Welcome to the big leagues

Just a few short years ago, only those in the know were talking about sustainable investing. Today it seems to be everywhere. All that’s missing is a global standard for measuring a company’s ESG performance, says David Harrison, manager of the Rathbone Greenbank Global Sustainability Fund.

16 June 2021

Can you remember a time before you paid for something in a shop without your debit card? Or a time before you dutifully separated your household waste into compostables, recyclables and everything else?

It wasn’t that long ago, but both actions have become such ingrained habits that it’s hard to think of life without either. You can credit this to the inexorable (and welcome) creep of modernity and progress.

Sustainable investing – and corporate social responsibility – is following the same path. Two decades ago, a decade ago, even five years ago, most people saw responsible investing as a bit of a niche activity. A noble cause but only for a specific type of investor. Even three years ago there was a persistent belief that excluding companies on sustainability grounds meant you had to give something up.  

Today, ESG almost seems fashionable. Companies now see their sustainability credentials as a major selling point, both to customers and investors alike. We’ve discussed the reasons for this several times before: greater awareness of climate change, shifting demographics, technological innovation, and so on. Investors have begun to allocate more of their capital to ESG investments, which has, in part, motivated many companies to get with the times.

Increased media coverage of environmental and social issues may be helping to promote the cause. News of wildfires in Australia and California are helping people to make the link that climate change is a serious issue and that there are consequences for not looking after the planet. And reports of bad corporate behaviour and excessive executive pay are leading to increased pressure for companies to improve the way they are governed and rein in remuneration.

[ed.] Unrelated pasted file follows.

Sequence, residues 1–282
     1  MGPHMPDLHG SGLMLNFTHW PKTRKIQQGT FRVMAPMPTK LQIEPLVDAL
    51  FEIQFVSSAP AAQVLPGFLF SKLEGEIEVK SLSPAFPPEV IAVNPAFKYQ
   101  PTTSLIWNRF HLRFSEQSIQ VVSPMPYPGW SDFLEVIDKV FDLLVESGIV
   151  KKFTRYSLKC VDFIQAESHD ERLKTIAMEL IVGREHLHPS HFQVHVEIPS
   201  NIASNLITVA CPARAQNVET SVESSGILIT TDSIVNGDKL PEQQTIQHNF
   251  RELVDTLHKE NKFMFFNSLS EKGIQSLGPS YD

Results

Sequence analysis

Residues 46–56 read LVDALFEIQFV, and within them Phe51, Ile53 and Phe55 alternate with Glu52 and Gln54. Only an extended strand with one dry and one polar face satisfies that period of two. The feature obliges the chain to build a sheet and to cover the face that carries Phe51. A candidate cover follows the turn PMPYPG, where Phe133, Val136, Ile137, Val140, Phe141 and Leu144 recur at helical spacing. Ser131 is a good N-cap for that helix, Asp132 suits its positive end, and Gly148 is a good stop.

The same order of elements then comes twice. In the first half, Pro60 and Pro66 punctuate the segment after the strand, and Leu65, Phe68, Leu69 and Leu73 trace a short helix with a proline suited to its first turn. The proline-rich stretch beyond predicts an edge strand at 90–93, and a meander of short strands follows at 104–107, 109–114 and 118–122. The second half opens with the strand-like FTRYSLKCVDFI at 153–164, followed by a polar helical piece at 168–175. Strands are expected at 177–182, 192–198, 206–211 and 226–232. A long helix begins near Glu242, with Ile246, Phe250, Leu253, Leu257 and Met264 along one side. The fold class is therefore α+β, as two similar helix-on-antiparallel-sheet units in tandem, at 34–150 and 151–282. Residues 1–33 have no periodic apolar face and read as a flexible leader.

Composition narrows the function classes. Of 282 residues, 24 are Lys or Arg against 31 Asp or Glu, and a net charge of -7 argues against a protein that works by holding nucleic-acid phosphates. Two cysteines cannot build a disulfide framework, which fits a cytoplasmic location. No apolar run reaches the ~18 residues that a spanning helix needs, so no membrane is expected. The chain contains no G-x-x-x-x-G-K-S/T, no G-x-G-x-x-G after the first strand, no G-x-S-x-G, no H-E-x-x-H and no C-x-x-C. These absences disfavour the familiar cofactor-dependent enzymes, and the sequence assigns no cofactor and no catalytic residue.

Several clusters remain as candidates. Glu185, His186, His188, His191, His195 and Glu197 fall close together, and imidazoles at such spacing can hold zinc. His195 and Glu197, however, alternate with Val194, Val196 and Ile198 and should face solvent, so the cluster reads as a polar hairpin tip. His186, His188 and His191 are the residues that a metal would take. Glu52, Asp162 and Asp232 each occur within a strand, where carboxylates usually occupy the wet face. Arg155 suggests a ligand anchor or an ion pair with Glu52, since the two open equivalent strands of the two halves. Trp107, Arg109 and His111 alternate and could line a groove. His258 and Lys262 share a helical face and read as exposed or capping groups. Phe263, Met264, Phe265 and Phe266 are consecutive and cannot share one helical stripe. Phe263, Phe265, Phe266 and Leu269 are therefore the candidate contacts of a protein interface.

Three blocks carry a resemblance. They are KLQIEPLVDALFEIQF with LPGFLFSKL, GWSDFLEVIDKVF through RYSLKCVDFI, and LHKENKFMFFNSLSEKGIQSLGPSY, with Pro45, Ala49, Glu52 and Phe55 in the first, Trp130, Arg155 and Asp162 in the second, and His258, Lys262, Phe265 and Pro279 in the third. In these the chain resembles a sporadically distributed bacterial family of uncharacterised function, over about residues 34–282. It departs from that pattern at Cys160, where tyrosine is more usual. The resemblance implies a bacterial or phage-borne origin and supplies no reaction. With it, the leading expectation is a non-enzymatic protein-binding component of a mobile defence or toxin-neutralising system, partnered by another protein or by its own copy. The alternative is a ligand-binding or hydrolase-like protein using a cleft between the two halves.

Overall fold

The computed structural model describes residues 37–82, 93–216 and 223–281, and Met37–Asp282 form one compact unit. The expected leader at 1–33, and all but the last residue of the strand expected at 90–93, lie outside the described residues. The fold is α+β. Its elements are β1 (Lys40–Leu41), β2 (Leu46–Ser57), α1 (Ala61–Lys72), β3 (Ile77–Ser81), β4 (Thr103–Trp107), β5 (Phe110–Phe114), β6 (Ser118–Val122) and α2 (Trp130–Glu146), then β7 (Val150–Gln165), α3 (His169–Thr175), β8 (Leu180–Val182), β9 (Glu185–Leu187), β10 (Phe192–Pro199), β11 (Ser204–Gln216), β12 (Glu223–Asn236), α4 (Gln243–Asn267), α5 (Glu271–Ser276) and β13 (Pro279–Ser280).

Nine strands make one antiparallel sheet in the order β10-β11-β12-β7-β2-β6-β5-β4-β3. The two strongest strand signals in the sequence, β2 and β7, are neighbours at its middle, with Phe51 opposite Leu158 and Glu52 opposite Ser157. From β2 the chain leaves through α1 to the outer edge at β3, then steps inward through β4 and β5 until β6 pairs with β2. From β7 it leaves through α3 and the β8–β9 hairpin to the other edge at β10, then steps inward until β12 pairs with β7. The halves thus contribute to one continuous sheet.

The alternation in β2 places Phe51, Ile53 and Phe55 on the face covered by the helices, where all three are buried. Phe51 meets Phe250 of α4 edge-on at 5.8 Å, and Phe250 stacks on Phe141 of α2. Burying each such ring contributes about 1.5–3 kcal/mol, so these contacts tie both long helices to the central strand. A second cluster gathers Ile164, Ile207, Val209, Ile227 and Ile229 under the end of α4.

Our only concern is that we end up in a situation where every company rushes to brand itself as ESG without proper measurement or scrutiny. There needs to be targets and reasonable metrics that help define what makes a business ESG-compliant and what does not. A clearly defined global standard for measuring ESG performance will help here, because the current system is disjointed at best and at worst non-existent. The potential for greenwashing remains high when there is more than one way to measure success.

Yes, there are ratings agencies that provide research into companies’ ESG credentials and there are more analysts than ever specialising in this area. This has given us more investment ideas than ever before, but additional support from third-party analysts has not changed the way we conduct our in-house research.

We still look at each company’s fundamentals, Rathbone Greenbank Investments still screens for negative and positive ESG criteria, and we still meet with company management so we can get a true sense of how the organisation operates.

If you had told me five years ago that ESG investing would be where it is today, I would have been optimistic but sceptical. Sustainable investing is my passion, but I never expected it to go mainstream. The more people are thinking and talking about sustainability, the better, and the more we see companies taking action and implementing sustainability processes into their operations, the better. The only thing that’s missing is a common framework for everyone to follow.